Youth charity, Central YMCA, has warned of the increasing harm caused by legal and illegal highs, after UK youngsters cited substance abuse as one of the biggest threats facing them today.
Recent research by the charity placed issues relating to substance abuse fifth in a list of 19 challenges facing young people, scoring 78/100 on a scale of key issues – coming only behind challenges relating to employment, education and body image.
More worryingly, it was also amongst the top five issues UK youngsters said they believed would become progressively worse for the next generation of young adults (those that are currently aged 11 – 15).
Speaking to over 1600 16 – 25 year olds for its ‘World of Good’ report, the charity also found that health issues, including mental health were cited by many as one of the top barriers to overcoming the challenges facing them.
The report follows a number of increased instances of drug use in the UK, particularly amongst young people – almost one in three (31%) of the UK adult population have taken illegal drugs, up from 27% in 2008, according to the British Drugs Survey 2014.
Commenting on the findings Rosi Prescott, CEO at Central YMCA, said:
“The use of drugs – both legal and illegal – in the UK is increasing, and we’re finding that more and more young people are coming to us with substance abuse issues. Over half of all active drug users in the UK are aged between 16 – 34, which poses a huge challenge. The issue with substance abuse is that it can be a long time before users even realise they have an issue. Often people who are at risk of being dependent, or indeed are already dependent, can fail to see it.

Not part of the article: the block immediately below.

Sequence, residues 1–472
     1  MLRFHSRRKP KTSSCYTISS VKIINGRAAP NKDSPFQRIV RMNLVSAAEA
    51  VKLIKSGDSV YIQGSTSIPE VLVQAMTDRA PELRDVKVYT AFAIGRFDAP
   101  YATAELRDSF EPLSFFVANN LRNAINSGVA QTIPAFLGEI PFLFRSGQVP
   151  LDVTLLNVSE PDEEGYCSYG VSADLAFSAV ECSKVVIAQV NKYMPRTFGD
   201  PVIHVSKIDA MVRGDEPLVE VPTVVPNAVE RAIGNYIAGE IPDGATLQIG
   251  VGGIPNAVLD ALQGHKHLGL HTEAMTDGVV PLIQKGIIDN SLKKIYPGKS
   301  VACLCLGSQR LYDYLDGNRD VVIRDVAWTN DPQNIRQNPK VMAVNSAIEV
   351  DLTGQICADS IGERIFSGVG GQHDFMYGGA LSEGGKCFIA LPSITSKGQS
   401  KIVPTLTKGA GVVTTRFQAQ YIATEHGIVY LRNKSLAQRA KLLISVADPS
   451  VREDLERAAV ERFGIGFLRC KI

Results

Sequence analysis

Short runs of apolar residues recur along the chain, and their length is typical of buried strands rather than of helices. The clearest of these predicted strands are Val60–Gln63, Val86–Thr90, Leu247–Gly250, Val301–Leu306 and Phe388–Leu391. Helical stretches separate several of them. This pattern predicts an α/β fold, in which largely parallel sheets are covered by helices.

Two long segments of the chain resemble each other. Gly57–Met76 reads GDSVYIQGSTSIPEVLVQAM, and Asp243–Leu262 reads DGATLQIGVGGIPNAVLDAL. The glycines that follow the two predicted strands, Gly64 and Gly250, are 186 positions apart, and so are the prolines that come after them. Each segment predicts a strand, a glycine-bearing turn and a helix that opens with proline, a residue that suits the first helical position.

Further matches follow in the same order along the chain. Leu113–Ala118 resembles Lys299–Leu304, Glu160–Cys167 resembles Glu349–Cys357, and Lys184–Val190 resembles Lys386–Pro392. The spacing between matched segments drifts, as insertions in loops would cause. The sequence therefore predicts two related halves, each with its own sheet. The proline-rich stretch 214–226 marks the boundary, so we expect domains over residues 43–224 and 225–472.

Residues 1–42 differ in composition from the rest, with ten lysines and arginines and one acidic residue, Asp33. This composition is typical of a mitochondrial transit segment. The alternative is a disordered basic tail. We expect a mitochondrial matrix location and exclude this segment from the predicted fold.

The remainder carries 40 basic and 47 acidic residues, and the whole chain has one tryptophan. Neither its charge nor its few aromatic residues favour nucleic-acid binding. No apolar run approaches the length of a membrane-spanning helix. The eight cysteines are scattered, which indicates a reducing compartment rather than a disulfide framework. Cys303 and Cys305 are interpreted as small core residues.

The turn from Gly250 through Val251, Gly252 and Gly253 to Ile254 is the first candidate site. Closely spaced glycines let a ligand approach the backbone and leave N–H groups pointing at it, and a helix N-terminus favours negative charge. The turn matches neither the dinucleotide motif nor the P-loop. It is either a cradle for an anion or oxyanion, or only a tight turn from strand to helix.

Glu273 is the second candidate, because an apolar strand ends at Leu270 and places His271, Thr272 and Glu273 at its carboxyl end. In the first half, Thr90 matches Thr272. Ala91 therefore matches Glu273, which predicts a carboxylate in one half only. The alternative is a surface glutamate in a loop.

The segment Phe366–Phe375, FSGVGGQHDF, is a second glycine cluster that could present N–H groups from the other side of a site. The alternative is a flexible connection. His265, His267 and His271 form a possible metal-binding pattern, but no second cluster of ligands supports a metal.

“The adversity young people face when dealing with substance abuse issues is something we look to tackle in a number of our initiatives here at Central YMCA. Isolating these people and attaching stigmas to them is unhelpful, and can lead to further issues down the line – we’ve seen these people having to deal with family breakdown, health issues, and struggling to find employment, amongst other problems.
“The issues recognised in our World of Good report were wide and far reaching. It’s now up for agencies and people working with these young people to work to deal with these issues in the round, not in isolation.”
Studies quoted in the report reveal that 81% of people who have ever taken drugs did so before the age of 21, with 23% doing so before they were 16.
There is also evidence that intoxication increases risks of unwelcome sexual approaches, with one in five drug users saying they had been taken advantage of after drug or alcohol use.